The long term health risks of menopause.

“CLEVELAND CLINIC Wellness newsletter about the LONG TERM RISKS OF MENOPAUSE.” Bill Chesnut,MD

Osteoporosis.  Osteoporosis, a “brittle-bone” disease, occurs when the inside of bones become less dense, making them more fragile and likely to fracture. Estrogen plays an important role in preserving bone mass. Estrogen signals cells in the bones to stop breaking down.

Women lose an average of 25 percent of their bone mass from the time of menopause to age 60, due in large part to the loss of estrogen. Over time, this loss of bone can lead to bone fractures. There are many options, including estrogen therapy, to treat brittle bones.

Coronary artery disease.  Coronary artery disease is the narrowing or blockage of arteries that surround the heart muscle. It results when fatty plaque builds up in the artery walls (known as atherosclerosis). This buildup is associated with high levels of cholesterol in the blood. After menopause, a woman’s risk for coronary artery disease increases.

A healthy diet, not smoking, and getting regular exercise are your best options to prevent heart disease. Treating elevated blood pressure and diabetes as well as maintaining cholesterol levels with “statin” medications and aspirin therapy for selected at-risk persons are the standards of care. The benefits and risks of hormone therapy vary depending on a woman’s age and her individual history. In general, younger women in their 50s tend to get more benefits from hormone therapy as compared to postmenopausal women in their 60s. Women who undergo premature menopause are often treated with hormone therapy until age 50 to avoid the increased risk that comes from the extra years of estrogen loss.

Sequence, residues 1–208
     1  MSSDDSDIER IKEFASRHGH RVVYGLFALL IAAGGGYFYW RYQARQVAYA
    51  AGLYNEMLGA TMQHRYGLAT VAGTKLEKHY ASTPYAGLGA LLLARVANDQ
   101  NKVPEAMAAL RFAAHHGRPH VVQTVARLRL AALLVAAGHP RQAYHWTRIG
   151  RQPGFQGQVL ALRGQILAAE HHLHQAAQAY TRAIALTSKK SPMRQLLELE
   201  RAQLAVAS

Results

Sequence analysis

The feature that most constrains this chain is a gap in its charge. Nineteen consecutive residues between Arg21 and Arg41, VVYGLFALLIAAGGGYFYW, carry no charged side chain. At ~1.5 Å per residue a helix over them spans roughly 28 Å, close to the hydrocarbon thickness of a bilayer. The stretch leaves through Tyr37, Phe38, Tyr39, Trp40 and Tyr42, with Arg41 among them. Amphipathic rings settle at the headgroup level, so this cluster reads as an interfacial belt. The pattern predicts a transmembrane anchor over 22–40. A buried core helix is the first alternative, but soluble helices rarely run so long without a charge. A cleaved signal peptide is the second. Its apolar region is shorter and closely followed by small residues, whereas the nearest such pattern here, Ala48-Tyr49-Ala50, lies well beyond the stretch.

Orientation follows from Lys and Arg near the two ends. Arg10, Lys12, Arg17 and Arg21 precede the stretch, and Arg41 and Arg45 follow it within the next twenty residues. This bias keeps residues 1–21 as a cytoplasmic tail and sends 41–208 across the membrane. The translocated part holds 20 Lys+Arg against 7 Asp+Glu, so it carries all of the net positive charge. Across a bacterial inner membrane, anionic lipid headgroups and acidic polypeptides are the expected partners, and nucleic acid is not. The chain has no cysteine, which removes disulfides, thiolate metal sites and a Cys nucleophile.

What are the symptoms of menopause?

You may be transitioning into menopause if you begin experiencing some or all of the following symptoms:

  • Hot flashes (a sudden feeling of warmth that spreads over the upper body)
  • Night sweats and/or cold flashes
  • Vaginal dryness; discomfort during sex
  • Urinary urgency (a pressing need to urinate more frequently)
  • Difficulty sleeping (insomnia)
  • Emotional changes (irritability, mood swings, mild depression)
  • Dry skin, eyes or mouth

Women who are still in the menopause transition (perimenopause) may experience the above as well as:

  • Breast tenderness
  • Worsening of premenstrual syndrome (PMS)
  • Irregular periods or skipping periods
  • Periods that are heavier or lighter than usual

Some women might also experience:

  • Racing heart
  • Headaches
  • Joint and muscle aches and pains
  • Changes in libido (sex drive)
  • Difficulty concentrating, memory lapses (often temporary)
  • Weight gain
  • Hair loss or thinning